“When disasters happen, people need to know their loved ones are safe… It’s moments like this that being able to connect matters.” This quote by Mark Zuckerberg, CEO Facebook highlights the benefits of social media in emergency management.
The above quote shows that we live in a world of increasing interconnectedness between people and companies across the globe. Social media continues to evolve and play a more significant role in our daily lives.
Social media has evolved from being a place to look at photos of what your friend had for lunch or his new puppy. To a place where most people get their daily news.
Today one of the first things most people do every morning is to check Facebook or Twitter on their smartphones to see what’s trending.
Thus, when a crisis, such as a natural disaster, affects the public, social media, most notably Twitter and Facebook, will always come into play.
Social media has given rise to what we can call citizen or social journalism. News stories of disasters and other emergencies can break instantly. Not only by citizens in Nigeria alone, but it spreads far across the globe.“When disasters happen, people need to know their loved ones are safe… It’s moments like this that being able to connect matters.” - Mark Zuckerberg Click To Tweet
Benefits of Social Media for Emergency Management
When disaster strikes, most people turn to social media networks to get news. They get necessary updates from persons who are at the centre of the event.
This article notes that After Haiti’s 2010 earthquake, social media was used to link healthcare providers requiring supplies to those who had them. In Haiti and the 2011 Japan earthquake and tsunami, trapped victims were able to use social media services via their mobile phones to summon help and communicate with responders.
The use of social media in emergency management situations has made many disaster relief organisations focus on boosting their social media activities. They alert the public of efforts they’re preparing to give relief.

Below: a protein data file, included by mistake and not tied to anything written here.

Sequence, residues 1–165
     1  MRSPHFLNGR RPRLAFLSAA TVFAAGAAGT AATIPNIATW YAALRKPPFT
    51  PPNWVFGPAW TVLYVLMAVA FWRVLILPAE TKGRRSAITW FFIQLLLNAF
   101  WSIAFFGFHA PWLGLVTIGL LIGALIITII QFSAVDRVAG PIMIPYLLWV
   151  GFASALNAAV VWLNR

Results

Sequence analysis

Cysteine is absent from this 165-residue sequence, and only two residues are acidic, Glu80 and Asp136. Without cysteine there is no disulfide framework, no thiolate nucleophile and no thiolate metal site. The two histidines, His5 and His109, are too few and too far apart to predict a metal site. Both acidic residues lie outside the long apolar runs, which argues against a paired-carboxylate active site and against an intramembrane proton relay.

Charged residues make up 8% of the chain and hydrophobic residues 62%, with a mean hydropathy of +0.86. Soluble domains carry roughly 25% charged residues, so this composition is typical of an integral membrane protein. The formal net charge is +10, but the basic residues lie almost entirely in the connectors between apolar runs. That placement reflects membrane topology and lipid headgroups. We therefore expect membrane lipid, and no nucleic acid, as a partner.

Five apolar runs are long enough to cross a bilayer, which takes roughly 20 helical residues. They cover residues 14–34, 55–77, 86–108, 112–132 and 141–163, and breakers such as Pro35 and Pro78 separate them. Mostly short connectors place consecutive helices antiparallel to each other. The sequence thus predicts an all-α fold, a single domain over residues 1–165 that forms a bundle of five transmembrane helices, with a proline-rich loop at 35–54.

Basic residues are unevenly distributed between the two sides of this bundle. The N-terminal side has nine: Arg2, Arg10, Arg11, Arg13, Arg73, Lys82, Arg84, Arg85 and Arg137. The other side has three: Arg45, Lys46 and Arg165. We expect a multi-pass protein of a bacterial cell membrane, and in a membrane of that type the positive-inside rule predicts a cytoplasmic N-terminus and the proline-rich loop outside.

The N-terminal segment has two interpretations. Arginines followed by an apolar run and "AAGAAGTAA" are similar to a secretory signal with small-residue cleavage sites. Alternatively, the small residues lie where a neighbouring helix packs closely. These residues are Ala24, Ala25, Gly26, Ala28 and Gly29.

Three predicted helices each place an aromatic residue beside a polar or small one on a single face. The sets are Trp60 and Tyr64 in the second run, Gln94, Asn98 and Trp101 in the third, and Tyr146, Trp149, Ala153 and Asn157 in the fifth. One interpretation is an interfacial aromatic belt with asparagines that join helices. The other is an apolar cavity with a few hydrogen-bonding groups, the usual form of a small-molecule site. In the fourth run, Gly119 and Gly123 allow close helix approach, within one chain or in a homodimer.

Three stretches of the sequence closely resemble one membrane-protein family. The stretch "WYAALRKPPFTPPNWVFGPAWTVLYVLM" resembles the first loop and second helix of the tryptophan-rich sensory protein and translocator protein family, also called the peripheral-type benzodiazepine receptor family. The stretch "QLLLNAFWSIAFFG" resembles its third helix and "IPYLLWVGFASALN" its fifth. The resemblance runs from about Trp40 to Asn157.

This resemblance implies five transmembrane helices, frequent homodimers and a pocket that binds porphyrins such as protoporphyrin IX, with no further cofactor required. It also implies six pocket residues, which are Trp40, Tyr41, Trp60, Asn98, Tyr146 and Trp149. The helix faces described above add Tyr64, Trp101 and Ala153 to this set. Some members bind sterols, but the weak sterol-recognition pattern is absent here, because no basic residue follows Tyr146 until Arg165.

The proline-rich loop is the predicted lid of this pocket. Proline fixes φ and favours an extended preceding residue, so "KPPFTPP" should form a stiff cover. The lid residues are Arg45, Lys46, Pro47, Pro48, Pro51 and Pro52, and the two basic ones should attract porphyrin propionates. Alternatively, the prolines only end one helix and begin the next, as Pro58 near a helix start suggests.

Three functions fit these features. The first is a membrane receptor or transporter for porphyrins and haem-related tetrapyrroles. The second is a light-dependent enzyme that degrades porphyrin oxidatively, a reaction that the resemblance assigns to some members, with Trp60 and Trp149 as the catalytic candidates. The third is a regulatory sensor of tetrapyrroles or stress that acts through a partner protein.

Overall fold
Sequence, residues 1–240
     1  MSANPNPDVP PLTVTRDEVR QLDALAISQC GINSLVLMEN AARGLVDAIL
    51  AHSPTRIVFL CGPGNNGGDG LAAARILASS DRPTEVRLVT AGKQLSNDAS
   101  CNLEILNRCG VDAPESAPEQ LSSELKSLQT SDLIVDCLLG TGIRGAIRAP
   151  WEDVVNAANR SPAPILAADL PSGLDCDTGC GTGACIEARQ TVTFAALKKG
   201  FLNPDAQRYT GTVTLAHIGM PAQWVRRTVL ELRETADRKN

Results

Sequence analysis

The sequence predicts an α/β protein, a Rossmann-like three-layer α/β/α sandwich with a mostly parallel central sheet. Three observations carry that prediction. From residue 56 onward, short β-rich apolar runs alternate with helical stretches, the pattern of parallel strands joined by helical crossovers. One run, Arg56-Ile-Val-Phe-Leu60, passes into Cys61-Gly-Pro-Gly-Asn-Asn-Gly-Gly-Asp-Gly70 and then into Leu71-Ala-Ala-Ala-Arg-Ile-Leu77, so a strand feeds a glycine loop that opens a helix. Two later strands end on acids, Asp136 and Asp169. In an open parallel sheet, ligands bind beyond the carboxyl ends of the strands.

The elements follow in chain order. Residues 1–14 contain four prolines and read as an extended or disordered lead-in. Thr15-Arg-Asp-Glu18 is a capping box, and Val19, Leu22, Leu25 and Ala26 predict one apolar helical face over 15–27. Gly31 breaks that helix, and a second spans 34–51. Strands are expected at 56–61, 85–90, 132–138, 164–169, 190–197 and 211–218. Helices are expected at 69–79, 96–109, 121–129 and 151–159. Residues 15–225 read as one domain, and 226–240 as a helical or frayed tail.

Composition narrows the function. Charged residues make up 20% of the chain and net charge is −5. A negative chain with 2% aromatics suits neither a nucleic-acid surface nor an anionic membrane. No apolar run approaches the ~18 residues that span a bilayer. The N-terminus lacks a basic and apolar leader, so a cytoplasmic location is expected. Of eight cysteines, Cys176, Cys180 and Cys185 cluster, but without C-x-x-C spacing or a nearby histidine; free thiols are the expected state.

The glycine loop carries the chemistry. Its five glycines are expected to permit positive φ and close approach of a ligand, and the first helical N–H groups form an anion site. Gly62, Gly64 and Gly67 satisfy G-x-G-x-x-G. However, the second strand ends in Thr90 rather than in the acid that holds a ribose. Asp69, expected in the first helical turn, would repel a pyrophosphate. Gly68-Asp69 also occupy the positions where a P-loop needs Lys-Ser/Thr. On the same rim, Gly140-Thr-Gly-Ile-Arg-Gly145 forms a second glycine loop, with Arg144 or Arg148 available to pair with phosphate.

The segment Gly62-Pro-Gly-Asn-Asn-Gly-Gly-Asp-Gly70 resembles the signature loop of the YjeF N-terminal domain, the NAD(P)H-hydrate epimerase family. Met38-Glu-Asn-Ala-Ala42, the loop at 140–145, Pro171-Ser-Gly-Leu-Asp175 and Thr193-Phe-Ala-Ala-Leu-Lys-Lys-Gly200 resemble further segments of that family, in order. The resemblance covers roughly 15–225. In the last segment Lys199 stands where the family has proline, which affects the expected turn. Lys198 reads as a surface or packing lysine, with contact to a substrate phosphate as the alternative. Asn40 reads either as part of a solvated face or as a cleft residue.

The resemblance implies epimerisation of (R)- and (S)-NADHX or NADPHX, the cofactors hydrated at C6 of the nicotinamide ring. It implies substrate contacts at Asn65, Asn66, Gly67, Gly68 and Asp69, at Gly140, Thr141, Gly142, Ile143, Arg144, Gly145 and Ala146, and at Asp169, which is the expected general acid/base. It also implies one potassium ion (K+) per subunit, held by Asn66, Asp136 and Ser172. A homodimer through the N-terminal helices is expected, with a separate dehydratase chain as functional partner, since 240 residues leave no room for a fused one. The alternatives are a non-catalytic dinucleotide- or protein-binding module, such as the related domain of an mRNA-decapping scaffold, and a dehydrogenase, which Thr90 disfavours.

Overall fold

The American Red Cross’ ” Social Media in Disasters and Emergencies ” survey of 1,058 adults indicates that 18 per cent would turn to digital social media if calls to 911 were unsuccessful.
Moreover, even after disaster strikes, social media is still used to help others find their loved ones.
Also, the number of people using social media has increased from 5 per cent in 2005 to 69 per cent in 2016, according to the Pew Research Center.
Sixty-nine per cent of the adults surveyed said emergency response agencies should regularly monitor their Web sites and social media networks. It is so they can respond promptly to requests for help posted there; 74 per cent said they would expect help to arrive within an hour.
Before, during and after disaster strikes, businesses across the globe use their company’s social media pages to tell their shareholders, customers, and different stakeholders of their standing.
Some brands also use their web presence to update the public on their plans to rebuild, move or reopen for business.
Your business can use social media to its advantage by tracking specific hashtags and keywords.
Where cell services are not available, your business can still make social media a part of its communication with the public.
Through social media monitoring, relevant organisations can gather information from followers in the form of real-time pictures and videos. Information about relief activities in progress, whether it be after a fire, flood or hurricane.When disaster strikes, most people turn to social media networks to get news. Click To Tweet
Disadvantages of Social Media in Emergency Management
Despite the many benefits of social media in emergency management, we must also realise that there are risks as well. Such as when the information is incorrect or malicious, in which case it hinders response efforts.
With the rapid rate at which tweets and posts come in, your business should use social media with caution so as not to spread wrong information.
Anyone can report anything at any time on social media. It means that a lot of the information is not ‘verified’ from official sources.
For example, studies show that outdated, inaccurate or false information has been disseminated via social media forums during disasters.
So you need to exercise caution before you repost or retweet any information from unverified sources.
Be selective about the sources from which you receive your information. Scammers can use social media to ask funds from you. In the process; they will attempt to steal your bank details.The use of social media in emergency management situations has made many disaster relief organisations focus on boosting their social media activities. Click To Tweet
Make sure you research and verify the legitimacy of any organisation before you give money to any organisation.
A wise business owner needs to integrate social media with its traditional communications channels. The two platforms are mutually supportive in communicating with the public.
Have you been in a situation where you had to rely on social media? Share your experience in the comment below.